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Japan!

I had originally wanted to write all about my Japan trip in June, but I didn't feel the urge to settle down and compose a good, long, detailed description of my experiences there. My laziness is the worst.

A few thoughts:

1. Singapore has so much to learn from Japan.
E.g. recycling efforts. There are recycling bins EVERYWHERE, but it's funny that it's much more difficult to find a general waste bin around Japan. Potential improvements for Singapore: split ALL the bins (those recycling bins at void decks are just lumped into one big recycling bin oh my gosh -.-) into the categories paper, cans, plastic, general, and hopefully glass though there's not much glass items nowadays.

Another thing I've felt from the Japan trip is that the design of many things are very thoughtful. The user can really see the meticulousness of the designer. When I used the things, I really felt the convenience. I can't really give a good example because I've already forgotten. But I still remember the feeling Japan gave me. Seems like the saying that 'people forget what you say and do, but they don't forget how you made them feel' is true.

Even the manholes in Japan are artistic. They have nice designs (and some are even coloured) of flowers.

The system in Japan heavily relies on the integrity of the Japanese. For example, I lost my train pass on the train on the second day of arriving in Osaka, so I couldn't tap out of the station. I had to tell the staff that I lost the card so he can let me out. When you buy a single trip ticket at the ticketing machine, the amount of money paid is according to the distance of travel, so if you buy a ticket for only one station, but you actually travel a really long distance, you can tell the staff you lost the card, and you actually cheat them of money. I imagine the colossal amount of revenue lost by this method if it were to be implemented in Singapore. I really am impressed by Japanese's integrity. Thumbs up.

2. Free flow of iced water and green tea everywhere. It's really a big difference from Singapore where you might actually have to pay to buy even a glass of water. Perhaps Singaporean F&B owners are stingy, or they want to encourage customers to purchase other beverages that are more costly. The longer I stayed in Japan, I got more and more disappointed with the things in Singapore.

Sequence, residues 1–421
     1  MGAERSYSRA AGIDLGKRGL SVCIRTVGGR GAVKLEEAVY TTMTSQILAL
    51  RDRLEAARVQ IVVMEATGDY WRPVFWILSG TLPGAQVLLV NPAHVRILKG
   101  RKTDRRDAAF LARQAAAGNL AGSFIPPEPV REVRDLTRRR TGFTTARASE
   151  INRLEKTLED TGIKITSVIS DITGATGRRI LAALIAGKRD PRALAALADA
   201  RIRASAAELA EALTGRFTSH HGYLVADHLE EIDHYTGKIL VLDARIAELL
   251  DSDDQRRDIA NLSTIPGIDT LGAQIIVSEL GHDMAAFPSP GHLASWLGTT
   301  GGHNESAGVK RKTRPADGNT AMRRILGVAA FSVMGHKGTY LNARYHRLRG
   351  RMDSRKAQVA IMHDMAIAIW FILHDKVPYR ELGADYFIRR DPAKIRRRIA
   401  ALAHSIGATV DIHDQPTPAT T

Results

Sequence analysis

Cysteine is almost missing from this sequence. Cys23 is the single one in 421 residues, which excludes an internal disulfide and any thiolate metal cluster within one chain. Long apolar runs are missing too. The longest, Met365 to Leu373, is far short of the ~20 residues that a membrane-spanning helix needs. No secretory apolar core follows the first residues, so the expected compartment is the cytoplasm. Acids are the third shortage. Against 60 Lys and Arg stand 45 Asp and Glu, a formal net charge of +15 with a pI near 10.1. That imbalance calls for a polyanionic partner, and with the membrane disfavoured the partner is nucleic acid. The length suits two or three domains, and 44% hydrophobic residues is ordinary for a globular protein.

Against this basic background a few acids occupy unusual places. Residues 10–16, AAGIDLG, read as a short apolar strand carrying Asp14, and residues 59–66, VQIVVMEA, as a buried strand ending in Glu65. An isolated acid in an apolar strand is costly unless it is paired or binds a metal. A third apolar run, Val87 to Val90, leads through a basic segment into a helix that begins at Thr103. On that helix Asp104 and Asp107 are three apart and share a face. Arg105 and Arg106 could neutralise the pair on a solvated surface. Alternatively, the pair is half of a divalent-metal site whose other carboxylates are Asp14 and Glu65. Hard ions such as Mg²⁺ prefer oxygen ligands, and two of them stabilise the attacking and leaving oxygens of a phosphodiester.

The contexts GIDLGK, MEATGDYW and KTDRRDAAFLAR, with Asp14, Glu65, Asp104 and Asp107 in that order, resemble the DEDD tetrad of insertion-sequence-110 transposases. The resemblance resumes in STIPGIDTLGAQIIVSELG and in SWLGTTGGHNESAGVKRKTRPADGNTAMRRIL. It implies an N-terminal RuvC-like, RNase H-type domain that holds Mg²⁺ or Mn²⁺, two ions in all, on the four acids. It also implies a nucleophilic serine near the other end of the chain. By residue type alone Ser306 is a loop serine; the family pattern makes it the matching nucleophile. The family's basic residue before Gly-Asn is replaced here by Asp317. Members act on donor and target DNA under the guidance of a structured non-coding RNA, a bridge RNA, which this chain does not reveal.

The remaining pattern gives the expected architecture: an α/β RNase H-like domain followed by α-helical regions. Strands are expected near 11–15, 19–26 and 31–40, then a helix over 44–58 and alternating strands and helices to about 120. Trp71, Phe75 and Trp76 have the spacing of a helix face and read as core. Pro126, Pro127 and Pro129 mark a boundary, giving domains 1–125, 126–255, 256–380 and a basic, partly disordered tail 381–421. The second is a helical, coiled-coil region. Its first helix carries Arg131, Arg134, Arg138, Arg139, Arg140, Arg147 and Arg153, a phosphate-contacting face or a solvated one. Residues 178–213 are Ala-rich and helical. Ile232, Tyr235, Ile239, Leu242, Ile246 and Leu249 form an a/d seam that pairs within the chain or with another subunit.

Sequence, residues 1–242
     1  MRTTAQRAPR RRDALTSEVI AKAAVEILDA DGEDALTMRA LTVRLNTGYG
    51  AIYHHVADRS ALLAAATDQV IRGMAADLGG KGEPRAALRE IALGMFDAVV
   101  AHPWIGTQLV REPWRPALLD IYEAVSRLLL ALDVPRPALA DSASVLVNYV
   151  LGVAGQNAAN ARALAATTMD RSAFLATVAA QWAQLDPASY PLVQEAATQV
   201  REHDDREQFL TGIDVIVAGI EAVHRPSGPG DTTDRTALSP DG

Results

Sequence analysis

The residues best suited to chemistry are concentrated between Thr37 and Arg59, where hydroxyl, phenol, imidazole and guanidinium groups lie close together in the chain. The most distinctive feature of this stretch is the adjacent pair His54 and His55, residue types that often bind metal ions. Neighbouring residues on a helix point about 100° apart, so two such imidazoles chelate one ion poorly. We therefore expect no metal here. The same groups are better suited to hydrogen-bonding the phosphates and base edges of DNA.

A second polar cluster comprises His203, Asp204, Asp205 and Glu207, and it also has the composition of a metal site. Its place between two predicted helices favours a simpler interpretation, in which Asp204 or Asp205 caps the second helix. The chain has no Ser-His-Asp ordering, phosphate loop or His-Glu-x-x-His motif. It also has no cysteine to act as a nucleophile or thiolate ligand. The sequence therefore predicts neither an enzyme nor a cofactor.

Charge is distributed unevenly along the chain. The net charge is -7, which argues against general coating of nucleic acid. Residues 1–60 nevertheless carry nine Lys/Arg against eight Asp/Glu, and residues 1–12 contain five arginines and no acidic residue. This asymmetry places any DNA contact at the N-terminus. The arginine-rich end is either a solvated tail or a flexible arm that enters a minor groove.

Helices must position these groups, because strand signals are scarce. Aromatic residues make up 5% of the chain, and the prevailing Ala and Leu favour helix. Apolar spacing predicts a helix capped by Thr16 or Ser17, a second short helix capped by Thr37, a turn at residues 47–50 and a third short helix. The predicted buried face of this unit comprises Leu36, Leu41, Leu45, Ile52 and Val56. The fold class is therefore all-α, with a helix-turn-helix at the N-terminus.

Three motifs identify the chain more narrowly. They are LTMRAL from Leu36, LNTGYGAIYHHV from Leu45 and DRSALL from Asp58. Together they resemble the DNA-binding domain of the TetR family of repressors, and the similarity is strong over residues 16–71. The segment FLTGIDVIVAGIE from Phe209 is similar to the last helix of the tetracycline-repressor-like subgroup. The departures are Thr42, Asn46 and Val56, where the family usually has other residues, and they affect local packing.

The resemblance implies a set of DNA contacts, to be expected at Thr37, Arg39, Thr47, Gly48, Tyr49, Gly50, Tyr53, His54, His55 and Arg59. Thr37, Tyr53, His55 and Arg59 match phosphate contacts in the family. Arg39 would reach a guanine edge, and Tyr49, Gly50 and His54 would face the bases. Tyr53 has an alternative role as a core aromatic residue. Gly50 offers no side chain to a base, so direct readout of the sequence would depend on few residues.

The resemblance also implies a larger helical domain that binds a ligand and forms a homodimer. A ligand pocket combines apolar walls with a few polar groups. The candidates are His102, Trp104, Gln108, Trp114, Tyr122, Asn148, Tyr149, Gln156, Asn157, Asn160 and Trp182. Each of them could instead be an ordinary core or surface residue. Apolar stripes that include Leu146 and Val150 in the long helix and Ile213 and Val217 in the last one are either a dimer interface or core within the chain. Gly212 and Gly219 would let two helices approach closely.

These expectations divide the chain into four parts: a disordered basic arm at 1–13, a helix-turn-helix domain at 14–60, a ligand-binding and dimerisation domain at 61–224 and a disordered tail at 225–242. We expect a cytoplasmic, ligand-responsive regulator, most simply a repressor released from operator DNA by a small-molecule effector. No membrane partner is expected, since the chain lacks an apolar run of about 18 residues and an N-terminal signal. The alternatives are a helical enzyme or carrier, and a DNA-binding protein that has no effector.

3. Japanese are so polite, and their service is really good. Cashiers make sure they read out the amount of money required, and count the money correctly and surely to you. Even when there's a long queue, they still speak without rush, and do their service right. But I must say that if I'm in a rush and the cashiers still churn out long sentences I would be frustrated. But they never scold you or 
And I had to remember to place the cash in the tray on the counter instead of handing them the cash directly. Unless there's too much change and I need their help to count the money haha.
Oh yes, and there are lots of PRCs who work in the service industry in Japan!!!! The moment I said "那顶帽子丑到要死" and you see the shopkeeper smile, I knew she was Chinese. Lol.

4. THE FOOD IS NICE IN JAPAN.

I've recorded my experiences in Osaka, Kyoto and Tokyo in my photo album named "KL 10-6-2015, Japan 11 to 17-6-2015" on Fb. I took so many photos that I ran out of space on my phone and had to delete many apps. Those pictures will speak many words for me. :)

P.S. Spotted Dr William Tan in Japan at a train platform. Took pictures of him secretly haha.

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Donald Trump is seeking quick ways of withdrawing from a global agreement to limit climate change, a source on his transition team said, defying widening international backing for the plan to cut greenhouse gas emissions.
Trump, who has called global warming a hoax and has promised to quit the Paris Agreement, was considering ways to bypass a theoretical four-year procedure for leaving the accord, according to the source, who works on Trump’s transition team for international energy and climate policy.
Source: http://www.straitstimes.com/world/united-states/donald-trump-looking-at-fast-ways-to-quit-global-climate-deal-source





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